The Montana Human Rights Act prohibits discrimination in employment on the basis of sex, marital status, and pregnancy (MT Code Sec. 49-2-303et seq.). The law applies to all employers in the state. Under the law, it is unlawful to:
• Refuse to hire, discharge, or otherwise discriminate with respect to terms and conditions of employment.
• Publish an advertisement for employment specifying a limitation or discrimination as to sex, marital status, or pregnancy, unless based on a bona fide occupational qualification.
• Retaliate against an individual who opposes any practices prohibited by the Act or who files a complaint, testifies, assists, or otherwise participates in an investigation or proceeding under the Act.
• Aid, abet, incite, compel, or coerce an individual to violate the Act, or to attempt to do so.
Bona fide occupational qualification (BFOQ) exception. Differences in treatment are permissible where sex or marital status is a BFOQ reasonably necessary for the position in question. The BFOQ exception also applies to advertising and employment applications; however, the exception is narrowly interpreted under the Act, and employers should be cautious in relying on such a rationale when making employment decisions that may have a discriminatory effect.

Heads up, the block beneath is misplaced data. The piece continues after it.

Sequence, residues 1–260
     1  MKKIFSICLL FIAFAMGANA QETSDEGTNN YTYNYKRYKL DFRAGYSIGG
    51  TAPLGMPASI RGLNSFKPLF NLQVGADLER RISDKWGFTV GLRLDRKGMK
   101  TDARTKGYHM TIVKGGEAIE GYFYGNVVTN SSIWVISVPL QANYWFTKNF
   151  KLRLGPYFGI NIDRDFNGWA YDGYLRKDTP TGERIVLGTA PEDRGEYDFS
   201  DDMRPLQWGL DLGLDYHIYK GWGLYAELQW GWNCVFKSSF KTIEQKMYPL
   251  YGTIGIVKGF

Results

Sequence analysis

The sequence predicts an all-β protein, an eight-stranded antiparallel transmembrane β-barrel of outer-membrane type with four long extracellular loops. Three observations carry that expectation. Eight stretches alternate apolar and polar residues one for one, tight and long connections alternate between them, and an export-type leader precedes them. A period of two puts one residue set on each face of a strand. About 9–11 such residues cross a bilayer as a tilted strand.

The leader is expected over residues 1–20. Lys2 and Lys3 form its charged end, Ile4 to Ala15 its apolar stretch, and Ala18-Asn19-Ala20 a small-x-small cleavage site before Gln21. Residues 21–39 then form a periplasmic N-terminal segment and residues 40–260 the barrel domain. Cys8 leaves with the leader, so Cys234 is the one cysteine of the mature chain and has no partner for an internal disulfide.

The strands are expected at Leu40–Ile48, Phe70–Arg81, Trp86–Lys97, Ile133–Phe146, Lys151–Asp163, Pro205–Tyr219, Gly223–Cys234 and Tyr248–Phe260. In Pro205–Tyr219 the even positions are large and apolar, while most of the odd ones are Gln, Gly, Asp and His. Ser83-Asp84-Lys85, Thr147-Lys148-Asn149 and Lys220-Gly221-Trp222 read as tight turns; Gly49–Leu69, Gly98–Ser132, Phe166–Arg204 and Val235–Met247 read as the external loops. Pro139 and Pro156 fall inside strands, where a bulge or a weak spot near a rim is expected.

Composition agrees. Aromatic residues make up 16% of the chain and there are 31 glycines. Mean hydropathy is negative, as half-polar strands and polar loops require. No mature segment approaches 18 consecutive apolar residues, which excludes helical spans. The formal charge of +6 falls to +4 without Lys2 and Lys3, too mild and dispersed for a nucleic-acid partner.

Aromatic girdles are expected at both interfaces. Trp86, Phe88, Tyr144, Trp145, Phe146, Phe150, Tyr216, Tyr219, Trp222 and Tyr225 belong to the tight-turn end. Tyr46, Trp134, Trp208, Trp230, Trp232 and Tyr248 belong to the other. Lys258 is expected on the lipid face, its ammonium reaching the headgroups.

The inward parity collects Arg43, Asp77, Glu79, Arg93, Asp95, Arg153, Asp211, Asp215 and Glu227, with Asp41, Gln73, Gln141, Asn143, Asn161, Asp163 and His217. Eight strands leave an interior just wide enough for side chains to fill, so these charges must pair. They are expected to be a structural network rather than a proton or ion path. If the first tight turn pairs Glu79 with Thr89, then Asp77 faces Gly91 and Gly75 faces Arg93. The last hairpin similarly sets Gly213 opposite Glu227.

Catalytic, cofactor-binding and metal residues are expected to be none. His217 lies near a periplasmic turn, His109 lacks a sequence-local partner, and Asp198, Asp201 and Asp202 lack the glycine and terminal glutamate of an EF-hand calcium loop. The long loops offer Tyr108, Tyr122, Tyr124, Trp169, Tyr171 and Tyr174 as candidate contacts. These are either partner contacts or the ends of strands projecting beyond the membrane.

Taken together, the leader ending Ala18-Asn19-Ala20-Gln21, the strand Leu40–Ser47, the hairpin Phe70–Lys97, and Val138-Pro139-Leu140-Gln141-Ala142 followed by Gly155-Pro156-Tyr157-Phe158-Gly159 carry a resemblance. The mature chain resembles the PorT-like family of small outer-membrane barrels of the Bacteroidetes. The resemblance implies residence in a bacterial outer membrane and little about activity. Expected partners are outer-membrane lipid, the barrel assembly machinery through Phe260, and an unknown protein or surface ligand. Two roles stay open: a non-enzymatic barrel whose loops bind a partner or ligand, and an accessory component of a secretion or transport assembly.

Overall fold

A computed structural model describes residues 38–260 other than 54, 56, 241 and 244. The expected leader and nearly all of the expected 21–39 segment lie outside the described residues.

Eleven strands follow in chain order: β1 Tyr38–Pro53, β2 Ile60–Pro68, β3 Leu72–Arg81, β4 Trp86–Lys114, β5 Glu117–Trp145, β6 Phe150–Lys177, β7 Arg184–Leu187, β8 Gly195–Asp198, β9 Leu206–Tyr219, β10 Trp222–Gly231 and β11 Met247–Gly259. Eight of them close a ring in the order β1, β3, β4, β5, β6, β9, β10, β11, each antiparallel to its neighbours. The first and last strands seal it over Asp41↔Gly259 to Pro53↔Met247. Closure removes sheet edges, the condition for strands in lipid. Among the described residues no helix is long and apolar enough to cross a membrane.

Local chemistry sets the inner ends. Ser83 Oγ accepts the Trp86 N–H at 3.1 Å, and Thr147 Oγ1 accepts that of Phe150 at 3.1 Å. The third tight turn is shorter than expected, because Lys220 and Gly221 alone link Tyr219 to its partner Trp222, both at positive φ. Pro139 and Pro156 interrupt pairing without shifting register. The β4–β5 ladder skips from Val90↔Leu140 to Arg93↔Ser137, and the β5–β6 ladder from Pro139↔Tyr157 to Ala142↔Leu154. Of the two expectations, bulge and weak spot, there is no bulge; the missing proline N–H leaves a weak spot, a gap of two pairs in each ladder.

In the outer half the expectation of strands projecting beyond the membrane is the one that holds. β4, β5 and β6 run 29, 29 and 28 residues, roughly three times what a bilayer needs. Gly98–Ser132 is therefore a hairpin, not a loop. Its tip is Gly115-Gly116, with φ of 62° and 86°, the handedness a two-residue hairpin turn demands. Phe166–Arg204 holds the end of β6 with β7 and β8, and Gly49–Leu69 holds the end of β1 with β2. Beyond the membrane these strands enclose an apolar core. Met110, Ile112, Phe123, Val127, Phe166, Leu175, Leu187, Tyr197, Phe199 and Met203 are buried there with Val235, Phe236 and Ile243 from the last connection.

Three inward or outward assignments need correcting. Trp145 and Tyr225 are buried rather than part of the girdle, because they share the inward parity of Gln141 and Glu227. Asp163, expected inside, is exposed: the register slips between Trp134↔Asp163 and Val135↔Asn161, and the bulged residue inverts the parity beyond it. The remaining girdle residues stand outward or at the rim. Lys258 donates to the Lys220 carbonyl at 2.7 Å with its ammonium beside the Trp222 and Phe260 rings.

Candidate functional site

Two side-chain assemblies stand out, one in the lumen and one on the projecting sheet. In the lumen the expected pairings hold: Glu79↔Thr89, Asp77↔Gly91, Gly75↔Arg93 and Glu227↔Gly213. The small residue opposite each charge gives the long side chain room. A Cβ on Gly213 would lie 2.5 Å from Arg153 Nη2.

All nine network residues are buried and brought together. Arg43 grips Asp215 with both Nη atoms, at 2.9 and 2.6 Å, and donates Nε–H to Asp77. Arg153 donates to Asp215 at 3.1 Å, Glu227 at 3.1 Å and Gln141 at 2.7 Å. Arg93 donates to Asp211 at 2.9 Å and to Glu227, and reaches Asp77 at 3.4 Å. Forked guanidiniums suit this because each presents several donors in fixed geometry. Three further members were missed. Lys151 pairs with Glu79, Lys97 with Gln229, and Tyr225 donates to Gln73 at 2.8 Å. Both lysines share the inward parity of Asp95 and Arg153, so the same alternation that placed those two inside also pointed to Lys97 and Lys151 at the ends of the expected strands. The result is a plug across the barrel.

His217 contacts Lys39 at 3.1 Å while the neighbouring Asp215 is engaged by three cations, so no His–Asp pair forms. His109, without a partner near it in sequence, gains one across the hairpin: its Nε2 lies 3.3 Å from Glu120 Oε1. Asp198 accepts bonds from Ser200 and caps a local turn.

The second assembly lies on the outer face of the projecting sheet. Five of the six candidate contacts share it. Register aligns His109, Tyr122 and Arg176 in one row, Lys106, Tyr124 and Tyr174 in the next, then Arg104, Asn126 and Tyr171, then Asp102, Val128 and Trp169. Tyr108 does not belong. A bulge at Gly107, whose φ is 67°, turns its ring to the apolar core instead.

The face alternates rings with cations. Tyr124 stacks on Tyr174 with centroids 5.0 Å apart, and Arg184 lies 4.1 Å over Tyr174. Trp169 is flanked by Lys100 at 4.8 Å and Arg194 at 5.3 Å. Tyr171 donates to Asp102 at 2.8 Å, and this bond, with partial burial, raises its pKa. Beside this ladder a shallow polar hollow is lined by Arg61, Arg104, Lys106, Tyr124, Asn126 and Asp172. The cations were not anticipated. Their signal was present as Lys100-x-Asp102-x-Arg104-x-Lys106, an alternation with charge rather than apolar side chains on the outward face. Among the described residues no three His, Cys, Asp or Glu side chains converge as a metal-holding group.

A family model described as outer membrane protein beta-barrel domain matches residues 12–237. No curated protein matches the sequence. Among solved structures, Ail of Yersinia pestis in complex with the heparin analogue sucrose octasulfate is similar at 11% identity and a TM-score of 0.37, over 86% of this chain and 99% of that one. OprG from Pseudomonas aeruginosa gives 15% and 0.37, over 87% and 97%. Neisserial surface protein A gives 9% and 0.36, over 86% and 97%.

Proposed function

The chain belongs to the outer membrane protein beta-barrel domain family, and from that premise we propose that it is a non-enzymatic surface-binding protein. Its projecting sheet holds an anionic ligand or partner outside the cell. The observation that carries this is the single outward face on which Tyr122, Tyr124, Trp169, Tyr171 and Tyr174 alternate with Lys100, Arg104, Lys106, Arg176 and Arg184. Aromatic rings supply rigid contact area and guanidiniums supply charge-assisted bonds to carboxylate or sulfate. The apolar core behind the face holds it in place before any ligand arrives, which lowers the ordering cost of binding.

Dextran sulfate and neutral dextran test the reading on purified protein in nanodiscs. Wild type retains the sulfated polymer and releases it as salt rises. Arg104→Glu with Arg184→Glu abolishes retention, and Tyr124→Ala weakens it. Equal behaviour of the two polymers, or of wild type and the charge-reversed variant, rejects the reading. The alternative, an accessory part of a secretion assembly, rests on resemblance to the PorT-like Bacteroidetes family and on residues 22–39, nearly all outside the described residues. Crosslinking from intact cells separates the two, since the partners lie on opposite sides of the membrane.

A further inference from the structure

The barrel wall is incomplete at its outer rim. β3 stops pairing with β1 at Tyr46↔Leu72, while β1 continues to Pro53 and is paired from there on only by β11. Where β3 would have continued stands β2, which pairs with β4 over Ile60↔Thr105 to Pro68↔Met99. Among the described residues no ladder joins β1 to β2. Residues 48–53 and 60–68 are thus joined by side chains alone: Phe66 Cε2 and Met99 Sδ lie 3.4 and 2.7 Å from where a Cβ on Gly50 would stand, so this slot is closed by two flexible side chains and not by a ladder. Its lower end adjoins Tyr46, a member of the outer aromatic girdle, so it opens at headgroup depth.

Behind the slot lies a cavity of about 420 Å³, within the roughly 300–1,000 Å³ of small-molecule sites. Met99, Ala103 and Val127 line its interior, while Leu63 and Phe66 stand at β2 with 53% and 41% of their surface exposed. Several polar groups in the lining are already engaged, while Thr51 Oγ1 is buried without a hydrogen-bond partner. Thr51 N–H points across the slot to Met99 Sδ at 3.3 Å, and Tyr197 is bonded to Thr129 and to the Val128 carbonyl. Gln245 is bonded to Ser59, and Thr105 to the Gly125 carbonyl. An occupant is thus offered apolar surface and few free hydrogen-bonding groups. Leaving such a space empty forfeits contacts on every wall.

The 9th Circuit Court of Appeals has ruled that federal law under Title VII of the Civil Rights Act of 1964 (Title VII) allows the use of a BFOQ defense only as an "extremely narrow exception to the general prohibition of discrimination on the basis of sex" (Breiner v. Nevada Dept. of Corrections, 610 F.3d 1202 (9th Cir. 2010)). In this case, the employer wanted to hire only female correction officers to work at a women's prison following several ...